Ayn Rand and Goldman Sachs

While I can’t say I agree with everything in Ayn Rand’s Objectivism, but I watched a disturbing interview on MarketWatch.com, in which two individuals were speaking in a language that was disturbing, if not unintelligible. First, having worked at Goldman Sachs, I disagree that the culture is characterized by “selflessness.” Second, I disagree that “selflessness” is the road to making money. Thirdly, it was apparent to me that both Rand and Goldman were mischaracterized. As always, I’m interested in your thoughts.

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3 thoughts on “Ayn Rand and Goldman Sachs

  1. I definitely agree with you about the unintelligible nature of that interview. They threw out a bunch of premises, like corporations are based on selflessness, but added nothing to actually back that up. Because people work in teams they are selfless? Teams are the correct combination of the right kind of individuals working toward a common goal. I know from past experience that corporations that think otherwise tend to fail because they diminish the worth of the competent by assuming everyone is equal instead of providing equal opportunity to become unequal to those who will put in the effort to become so. They put the incompetent, lazy, poor-attitude person who did not do the work to become inspiring unequal into the role of the unequal competent person and then scratch their heads like monkeys when the project fails. These companies have to learn the hard way – and they do.

    Their entire argument seems to be summed up like this: “I was a kid once and I believed in individualism. Now I know better, although I’m not sure why; I think I’ll just babble for a bit.” I think they are frustrated “kids” who are either looking for an excuse for their failure and/or feeling guilty about having that expensive apartment in New York and need to say this to atone in some twisted way – or, perhaps a little of both. Either way, they are sad people who I hope “grow up” again.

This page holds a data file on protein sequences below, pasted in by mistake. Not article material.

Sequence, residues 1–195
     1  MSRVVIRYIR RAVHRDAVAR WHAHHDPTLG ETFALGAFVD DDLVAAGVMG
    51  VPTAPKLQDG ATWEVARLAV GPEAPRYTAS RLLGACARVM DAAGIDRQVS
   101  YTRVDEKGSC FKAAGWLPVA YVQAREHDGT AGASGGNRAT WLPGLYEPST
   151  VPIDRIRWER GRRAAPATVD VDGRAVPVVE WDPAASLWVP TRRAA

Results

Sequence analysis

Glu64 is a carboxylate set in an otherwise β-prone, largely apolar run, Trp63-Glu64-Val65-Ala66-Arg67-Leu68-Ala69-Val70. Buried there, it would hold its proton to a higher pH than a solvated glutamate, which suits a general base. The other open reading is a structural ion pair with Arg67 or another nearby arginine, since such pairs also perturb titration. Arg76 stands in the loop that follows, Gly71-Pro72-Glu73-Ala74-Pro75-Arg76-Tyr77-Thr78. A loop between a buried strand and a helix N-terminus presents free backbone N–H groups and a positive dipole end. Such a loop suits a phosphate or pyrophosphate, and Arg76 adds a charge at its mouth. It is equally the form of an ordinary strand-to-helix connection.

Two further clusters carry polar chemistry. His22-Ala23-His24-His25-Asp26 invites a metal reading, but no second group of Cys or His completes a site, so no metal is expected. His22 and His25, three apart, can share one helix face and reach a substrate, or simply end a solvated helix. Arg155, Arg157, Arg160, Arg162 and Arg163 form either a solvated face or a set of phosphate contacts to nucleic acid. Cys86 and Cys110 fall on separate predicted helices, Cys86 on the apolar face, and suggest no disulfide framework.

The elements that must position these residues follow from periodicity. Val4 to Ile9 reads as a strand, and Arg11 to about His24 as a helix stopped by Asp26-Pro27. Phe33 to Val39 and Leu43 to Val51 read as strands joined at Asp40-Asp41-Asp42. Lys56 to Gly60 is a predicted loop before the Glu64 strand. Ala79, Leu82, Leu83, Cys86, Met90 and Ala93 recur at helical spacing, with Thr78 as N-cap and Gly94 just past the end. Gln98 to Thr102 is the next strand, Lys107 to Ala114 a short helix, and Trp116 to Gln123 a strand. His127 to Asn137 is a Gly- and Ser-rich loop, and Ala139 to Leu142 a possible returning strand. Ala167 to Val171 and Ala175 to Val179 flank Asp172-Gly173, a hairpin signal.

They are right about one thing. This is a fascinating time in history. At a time where knowledge is everywhere and the resources to astounding things are abundant, people self-destruct with nonsense like this. Human nature can be very, very strange.

  2. I wanted the guy on the right to shut up and stop reaching out and touching the guy on the left(Nothing homophobic, just weird looking on the screen), and I would have loved to understand more deeply what the guy on the left was thinking and to have had a chance to explain more of what he had learned.

    Corporations should be more selfless and individuals should be more selfish!? Aren’t organizations made up of the sum of its parts. Just one of many confusing, incorrect an unexplored comments. It looks like the guy on the right just wanted to move on and wasn’t really listening.

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